This little trug is an exception. I received it as a Christmas present from a colleague, ooh, probably about 10 years ago now. It contained some hand-cream and hand-scrub for gardeners. It's too small to be of much use in harvesting garden produce, but I've always kept it, as it seemed too nice to throw away and I thought that maybe, one day, I would come up with a use for it.

Now we're getting a respectable number of eggs, that day has come, at last.

05 February 2011

Temporary installation

Art Gallery of Ontario: first impressions

It's hard to do justice to a gallery or museum on a first visit - there's always far too much to see and my legs always give up before I feel I've done the place justice. My overall impression of the AGO was positive, and my response to the physical space that was the Galleria Italia (below) was one of 'Wow!'.

I had time to visit the current exhibition on the Maharajas (worth seeing for the amazing restored Cartier diamond and ruby necklace towards the end, alone (the photo in that article doesn't do it justice)), the Canadian artists section, most of the European section on level 2 and the ship models in the basement. These are watched over by a splendid lion figurehead. Which I wasn't allowed to photograph and which isn't online anywhere, so you'll just have to imagine it. You can see highlights of the Canadian Collection on the gallery's website. It's a shame that you can't click from one image to the next, rather than having to go back to the list all the time, but at least you can see some of the artworks without having to visit Toronto.

My favourite piece of art in the Canadian section was Franklin Carmichael's Cranberry Lake (1931) - the way he's captured the sun on the water and the eerie shapes of the dead trees in the foreground. In the European section the image which caught my attention the most was James Tissot's The Shop Girl
- I love the tangle of ribbons on the counter. I was also fascinated by the carved items in the Thomson Collection - some of them quite macabre, such as the rosary pendant showing a skull being eaten by worms and lizards. The incredibly intricate wooden carvings in prayer beads were also amazing - such detailed work in such a tiny space.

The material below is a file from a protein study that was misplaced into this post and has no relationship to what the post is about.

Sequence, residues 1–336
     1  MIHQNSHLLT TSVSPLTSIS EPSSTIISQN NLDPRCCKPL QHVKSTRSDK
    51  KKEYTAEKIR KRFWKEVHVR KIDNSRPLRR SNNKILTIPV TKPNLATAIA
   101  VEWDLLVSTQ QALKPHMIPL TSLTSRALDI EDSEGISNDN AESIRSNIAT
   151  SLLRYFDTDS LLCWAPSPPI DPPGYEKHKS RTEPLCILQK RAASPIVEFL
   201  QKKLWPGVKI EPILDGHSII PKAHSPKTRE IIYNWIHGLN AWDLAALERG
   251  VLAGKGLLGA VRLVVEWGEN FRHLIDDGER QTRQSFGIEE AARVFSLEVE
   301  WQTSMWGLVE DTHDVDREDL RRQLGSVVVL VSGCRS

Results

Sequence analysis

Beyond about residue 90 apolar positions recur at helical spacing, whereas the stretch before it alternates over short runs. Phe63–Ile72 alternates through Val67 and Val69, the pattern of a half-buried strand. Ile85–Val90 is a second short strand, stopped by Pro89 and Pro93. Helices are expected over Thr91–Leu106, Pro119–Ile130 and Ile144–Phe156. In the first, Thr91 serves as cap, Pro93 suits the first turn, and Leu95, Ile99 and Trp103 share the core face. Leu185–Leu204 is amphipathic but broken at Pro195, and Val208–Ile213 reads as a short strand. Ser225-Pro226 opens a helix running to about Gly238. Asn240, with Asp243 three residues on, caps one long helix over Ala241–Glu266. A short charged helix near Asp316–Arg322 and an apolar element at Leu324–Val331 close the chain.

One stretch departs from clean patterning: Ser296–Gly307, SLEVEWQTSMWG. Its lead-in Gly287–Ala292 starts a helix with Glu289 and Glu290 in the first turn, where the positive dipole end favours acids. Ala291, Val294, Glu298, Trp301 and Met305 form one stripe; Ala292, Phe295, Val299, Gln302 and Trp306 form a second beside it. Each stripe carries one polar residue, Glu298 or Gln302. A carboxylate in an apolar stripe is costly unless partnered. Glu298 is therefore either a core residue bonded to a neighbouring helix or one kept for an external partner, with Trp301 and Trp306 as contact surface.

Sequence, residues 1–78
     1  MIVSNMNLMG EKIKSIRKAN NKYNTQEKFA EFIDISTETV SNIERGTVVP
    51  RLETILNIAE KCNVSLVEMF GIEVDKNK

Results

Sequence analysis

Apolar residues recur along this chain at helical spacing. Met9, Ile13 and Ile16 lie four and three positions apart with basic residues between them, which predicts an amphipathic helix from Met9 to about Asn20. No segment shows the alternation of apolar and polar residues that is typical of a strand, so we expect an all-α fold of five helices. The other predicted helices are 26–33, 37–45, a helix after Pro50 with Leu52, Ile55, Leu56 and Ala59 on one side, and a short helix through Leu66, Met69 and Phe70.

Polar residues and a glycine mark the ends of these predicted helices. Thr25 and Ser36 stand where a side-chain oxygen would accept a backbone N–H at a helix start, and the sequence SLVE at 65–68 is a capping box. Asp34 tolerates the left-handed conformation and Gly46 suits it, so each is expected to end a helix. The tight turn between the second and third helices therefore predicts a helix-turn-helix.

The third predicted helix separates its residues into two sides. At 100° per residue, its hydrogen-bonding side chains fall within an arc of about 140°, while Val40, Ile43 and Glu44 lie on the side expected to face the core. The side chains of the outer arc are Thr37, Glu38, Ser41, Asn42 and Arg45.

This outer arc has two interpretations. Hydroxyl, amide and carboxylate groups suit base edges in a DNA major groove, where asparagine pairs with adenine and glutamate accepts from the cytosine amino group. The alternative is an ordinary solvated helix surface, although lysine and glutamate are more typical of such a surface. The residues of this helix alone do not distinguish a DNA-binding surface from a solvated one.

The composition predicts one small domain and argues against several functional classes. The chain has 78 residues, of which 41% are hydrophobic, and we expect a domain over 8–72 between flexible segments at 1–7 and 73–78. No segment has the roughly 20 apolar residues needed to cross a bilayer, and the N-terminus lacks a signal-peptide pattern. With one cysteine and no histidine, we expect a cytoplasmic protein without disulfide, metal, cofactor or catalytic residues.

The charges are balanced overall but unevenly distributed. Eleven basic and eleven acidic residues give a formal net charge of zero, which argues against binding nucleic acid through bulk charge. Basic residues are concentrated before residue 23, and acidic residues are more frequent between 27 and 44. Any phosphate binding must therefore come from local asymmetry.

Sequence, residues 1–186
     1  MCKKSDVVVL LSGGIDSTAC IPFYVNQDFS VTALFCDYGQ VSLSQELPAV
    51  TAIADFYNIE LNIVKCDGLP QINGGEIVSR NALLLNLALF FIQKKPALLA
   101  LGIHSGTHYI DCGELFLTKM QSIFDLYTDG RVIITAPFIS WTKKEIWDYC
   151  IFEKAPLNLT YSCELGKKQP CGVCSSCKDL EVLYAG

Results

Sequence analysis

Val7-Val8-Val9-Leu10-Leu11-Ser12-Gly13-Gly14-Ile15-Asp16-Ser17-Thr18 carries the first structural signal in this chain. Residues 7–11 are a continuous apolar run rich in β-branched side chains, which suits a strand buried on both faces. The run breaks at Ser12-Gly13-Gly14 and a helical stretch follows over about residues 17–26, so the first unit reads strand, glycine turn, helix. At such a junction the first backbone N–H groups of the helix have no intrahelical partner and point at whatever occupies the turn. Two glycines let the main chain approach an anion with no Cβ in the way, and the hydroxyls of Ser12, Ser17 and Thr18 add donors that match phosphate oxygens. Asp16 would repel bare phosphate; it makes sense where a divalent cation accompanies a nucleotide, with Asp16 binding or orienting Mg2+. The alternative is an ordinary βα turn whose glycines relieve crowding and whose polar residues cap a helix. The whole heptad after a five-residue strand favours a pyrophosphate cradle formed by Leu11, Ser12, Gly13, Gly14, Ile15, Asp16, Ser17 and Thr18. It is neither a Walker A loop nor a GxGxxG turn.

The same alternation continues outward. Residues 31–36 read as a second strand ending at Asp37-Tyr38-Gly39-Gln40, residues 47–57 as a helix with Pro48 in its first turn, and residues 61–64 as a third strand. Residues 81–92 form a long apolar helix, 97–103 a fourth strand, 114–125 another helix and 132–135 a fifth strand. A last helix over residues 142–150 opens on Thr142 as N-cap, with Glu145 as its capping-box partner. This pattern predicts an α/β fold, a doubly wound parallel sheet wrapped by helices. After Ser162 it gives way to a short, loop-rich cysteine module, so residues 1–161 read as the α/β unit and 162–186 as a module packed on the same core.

I paid a visit to the basement café, which was rather a disappointment after the rest of the gallery. Like having a cup of tea in someone's basement, in fact. I think they could have made it a more interesting space. But, perhaps, as so often happens, the money ran out before the basement could be properly finished. ;-)

03 February 2011

More white things

The promised storm left us with some impressive snow drifts yesterday. The tractor's snow-blowing attachment hasn't seen a lot of use this winter, but it was proving handy this morning. Yesterday was the first Wednesday when I haven't driven to Deseronto because of the weather. In our first winter I drove through a few storms like that (they always seem to happen on a Wednesday), determined not to be thought of as wimpish and probably giving myself a few more grey hairs in the process. These days I'm more sensible.

The dog disturbed an animal in the barn yesterday - all I saw of it was its tail, which was rather like a cat's in shape and size, white with a black tip. It hid in the woodpile before I could get a better look at it. At first I thought it was a cat, but a bit of hunting around on Wikipedia suggests that it was a stoat in its white winter coat. Which is ermine, of course. Nice to see it on the animal instead of trimming someone's robes. Not that I spend an awful lot of time with nobles in full regalia, it has to be said. If the stoat's going to eat the rats and mice in the barn, then I'm quite happy - but I am worried about the chickens...

Talking of pests, I had to do a bit of snow-clearing myself. While Mike was negotiating the tractor around one of the trees at the back of the house, the blowing snow hit the back door, forcing it open. Our utility room rapidly filled up with snow:

Mike's slippers were one of the main casualties. Which I feel is a suitable penalty for making me shovel snow indoors.

This evening, Mother Nature is the one doing the snow blowing: